Cromwell 26 has a new way to deal with I/O (Input/Output) operations. This new approach reduces network load and provides better control over the resources allocated throughout the system. This blogpost will describe some of the optimizations and how they improve Cromwell stability and reliability.
Cromwell 25 was released a few weeks ago but already Cromwell 26 is available! You can get the latest JAR file on GitHub.
Failure metadata will now be in a consistent JSON format, previously it varied depending on the originating Cromwell version. Failures will be an array of JSON objects, each representing a failure. See the Changelog for an example.
Cromwell will retry your workflow when faced with transient errors from the Pipelines API (formerly known as JES). For example, when authentication fails (like this user faced) or it cannot access files, Cromwell will try a few more times to get past these errors.
You can configure the number of I/O queries that Cromwell makes in the config file. This is mostly useful as a performance tuning option for the Pipelines API backend.
To promote reusing the same code, we packaged up our Docker hashes for the FireCloud team so they can fully enable Call Caching (aka Job Avoidance). Go team!
But it won't because there is new WDL syntax that supports
then. For example,
Boolean morning = ... String greeting = "good " + if morning then "morning" else "afternoon"
It will take some additional time to upgrade to Cromwell 26 from Cromwell 25 (or a previous version of Cromwell). We can give you a rough estimate of how long (if you're curious), see the note in the Changelog.
We upgraded the Lenthall and WDL4S repos, though we are still publishing 2.11 artifacts for each.
See the Changelog for more details.
TL;DR :In Cromwell 25, we added a backend named TES to Cromwell’s portfolio, promoting the GA4GH vision of interoperability between genomic analysis tools. We exercise the TES backend using Funnel, a neat piece of software coming out of Kyle Ellrott’s group at OHSU that allows us to dispatch jobs to a variety of platforms using the same API.
The Global Alliance For Genomics & Health (aka GA4GH) is an international coalition formed to enable the sharing of genomic and clinical data in order to help unlock potential advancements in medicine and science. For the most part the GA4GH provides APIs that are implemented by frameworks and tools throughout our field. With these standardized APIs, analysts and software developers are able to take advantage of a much broader and richer ecosystem of tools than they previously were able to. But more on this later. The take home message is that now the scientific community as a whole is able to spend more time working towards bettering humanity instead of just gluing tools together.
Within the GA4GH is the Containers & Workflows (CWF) working group, which focuses on providing APIs that define generic schemes for identifying tools, submitting workflows, and submitting jobs to compute platforms (disclosure: I happen to co-chair this group). At my day job as one of the developers of Cromwell I’m interested in how we can implement these APIs to promote interoperability of different computing platforms in the bioinformatics space.
Well, no, there isn't a Cromwell/WDL musical (yet) -- it's just that I gave a talk last night in New York, at a meetup organized by Phosphorus and hosted by FirstMark. We had a great crowd, and I have to give them mad props for listening to me go on about GATK workflows and pipelining strategies for well over the allotted hour. Especially considering I've been getting over a bout of laryngitis and my voice kept oscillating between high-pitched whine and raspy whisper... There will be a video posted on YouTube in the next few days and it would be awesome if they could get someone to do a voice dub! In the meantime, my slide deck is available here.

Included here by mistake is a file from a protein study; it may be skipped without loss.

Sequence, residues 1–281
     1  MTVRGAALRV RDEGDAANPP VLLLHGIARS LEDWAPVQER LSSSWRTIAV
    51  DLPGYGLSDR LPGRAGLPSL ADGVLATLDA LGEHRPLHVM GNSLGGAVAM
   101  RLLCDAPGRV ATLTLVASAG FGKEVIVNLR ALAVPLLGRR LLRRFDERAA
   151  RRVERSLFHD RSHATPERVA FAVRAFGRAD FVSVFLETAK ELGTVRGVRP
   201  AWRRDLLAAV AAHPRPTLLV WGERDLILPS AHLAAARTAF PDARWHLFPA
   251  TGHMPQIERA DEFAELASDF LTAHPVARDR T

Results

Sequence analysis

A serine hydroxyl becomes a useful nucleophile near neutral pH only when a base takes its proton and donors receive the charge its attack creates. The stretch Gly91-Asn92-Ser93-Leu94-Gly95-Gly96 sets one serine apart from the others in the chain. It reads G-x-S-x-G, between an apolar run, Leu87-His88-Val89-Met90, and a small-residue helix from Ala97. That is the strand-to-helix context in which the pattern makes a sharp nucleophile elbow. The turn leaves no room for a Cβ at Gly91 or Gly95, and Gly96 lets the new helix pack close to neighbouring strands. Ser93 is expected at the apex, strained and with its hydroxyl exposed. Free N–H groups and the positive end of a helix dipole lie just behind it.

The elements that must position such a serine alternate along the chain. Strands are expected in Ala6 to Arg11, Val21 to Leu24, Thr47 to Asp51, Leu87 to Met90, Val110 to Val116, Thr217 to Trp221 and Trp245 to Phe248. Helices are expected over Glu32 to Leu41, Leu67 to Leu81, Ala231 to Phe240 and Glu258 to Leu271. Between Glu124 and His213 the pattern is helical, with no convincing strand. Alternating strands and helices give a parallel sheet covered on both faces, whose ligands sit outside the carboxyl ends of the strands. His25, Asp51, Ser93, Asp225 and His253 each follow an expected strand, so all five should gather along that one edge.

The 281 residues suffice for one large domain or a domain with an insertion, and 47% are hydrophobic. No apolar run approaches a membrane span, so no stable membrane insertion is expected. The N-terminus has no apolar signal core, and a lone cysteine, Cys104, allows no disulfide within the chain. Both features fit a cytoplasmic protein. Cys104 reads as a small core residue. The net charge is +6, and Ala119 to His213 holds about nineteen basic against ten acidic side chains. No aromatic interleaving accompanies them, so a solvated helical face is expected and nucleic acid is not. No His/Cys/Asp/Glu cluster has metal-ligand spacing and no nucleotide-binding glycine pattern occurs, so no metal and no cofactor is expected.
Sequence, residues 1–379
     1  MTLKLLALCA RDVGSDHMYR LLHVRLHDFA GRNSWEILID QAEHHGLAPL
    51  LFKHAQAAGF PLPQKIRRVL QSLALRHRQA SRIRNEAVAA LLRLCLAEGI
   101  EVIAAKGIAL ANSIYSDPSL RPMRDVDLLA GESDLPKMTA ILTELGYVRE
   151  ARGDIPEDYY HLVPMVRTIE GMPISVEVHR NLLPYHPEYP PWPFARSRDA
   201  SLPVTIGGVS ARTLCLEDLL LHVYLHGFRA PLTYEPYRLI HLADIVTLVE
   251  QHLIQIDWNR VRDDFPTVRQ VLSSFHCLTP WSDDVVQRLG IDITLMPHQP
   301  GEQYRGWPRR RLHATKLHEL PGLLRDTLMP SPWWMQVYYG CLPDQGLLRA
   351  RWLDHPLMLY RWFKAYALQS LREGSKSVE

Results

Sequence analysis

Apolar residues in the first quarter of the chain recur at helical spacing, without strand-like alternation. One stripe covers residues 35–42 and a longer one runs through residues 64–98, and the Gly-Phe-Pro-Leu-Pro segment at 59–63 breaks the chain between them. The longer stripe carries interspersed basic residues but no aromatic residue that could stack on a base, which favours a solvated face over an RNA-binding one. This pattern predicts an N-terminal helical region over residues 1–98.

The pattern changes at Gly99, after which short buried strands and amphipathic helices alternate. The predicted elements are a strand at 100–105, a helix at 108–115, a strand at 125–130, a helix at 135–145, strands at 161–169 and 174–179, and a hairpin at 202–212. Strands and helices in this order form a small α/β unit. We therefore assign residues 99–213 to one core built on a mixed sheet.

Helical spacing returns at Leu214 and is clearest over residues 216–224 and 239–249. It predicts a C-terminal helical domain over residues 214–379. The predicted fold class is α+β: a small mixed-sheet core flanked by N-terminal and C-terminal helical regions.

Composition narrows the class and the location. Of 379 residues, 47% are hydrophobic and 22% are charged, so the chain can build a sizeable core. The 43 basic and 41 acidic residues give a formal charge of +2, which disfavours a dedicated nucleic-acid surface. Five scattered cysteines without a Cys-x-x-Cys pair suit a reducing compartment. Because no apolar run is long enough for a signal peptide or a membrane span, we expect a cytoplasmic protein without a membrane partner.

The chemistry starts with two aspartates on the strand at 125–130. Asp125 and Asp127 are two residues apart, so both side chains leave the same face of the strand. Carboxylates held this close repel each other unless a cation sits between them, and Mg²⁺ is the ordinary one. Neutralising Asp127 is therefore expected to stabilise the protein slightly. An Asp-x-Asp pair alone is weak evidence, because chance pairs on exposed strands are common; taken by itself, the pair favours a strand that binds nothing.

UPDATE: And here's the video on YouTube.
Happy 25th birthday, Cromwell! You're a quarter of a century old!
Using Docker Hashes, call caching will soon be available for FireCloud. Call caching is already available through Cromwell directly, and by default it is disabled.
For users who are concerned about running repeatable WDLs we recommend avoiding floating tags, such as
"ubuntu:latest". When you use floating tags or expressions those jobs will not be call cached when using Cromwell directly. The reasoning behind this decision is that if the value changes, such as the latest version of Ubuntu, then it could create different results than without call caching. FireCloud will still use call caching when there are floating tags in WDLs.
Note that currently Cromwell doesn't track changes to the output files (there's a feature request), so you could get a call cache hit to a file that has been modified, rather than the originally cached output. To avoid this, make sure to rename the file if you change it.
Every call in Cromwell is now labeled by default so you can query them, see the README for how to apply custom labels.
MySQL users can use batched inputs by adding
"rewriteBatchedStatements=true" to the JDBC URL.
Members of the Cromwell community added support for TES (Task Execution Schema), thanks! Stay tuned to the WDL blog for a post this week with more information about TES.
WDL-away your day with us on the WDL blog! These blog posts will be geared towards developers who are looking for the nitty-gritty-codey details of WDL and Cromwell, such as new backends, parameters, etc. We'll post about new WDL documents and Cromwell releases, as well as other technical topics.
And don't forget to follow us on Twitter!
Cromwell version 0.21 was released on 9/23/2016. You can download the release here. See below for the release notes.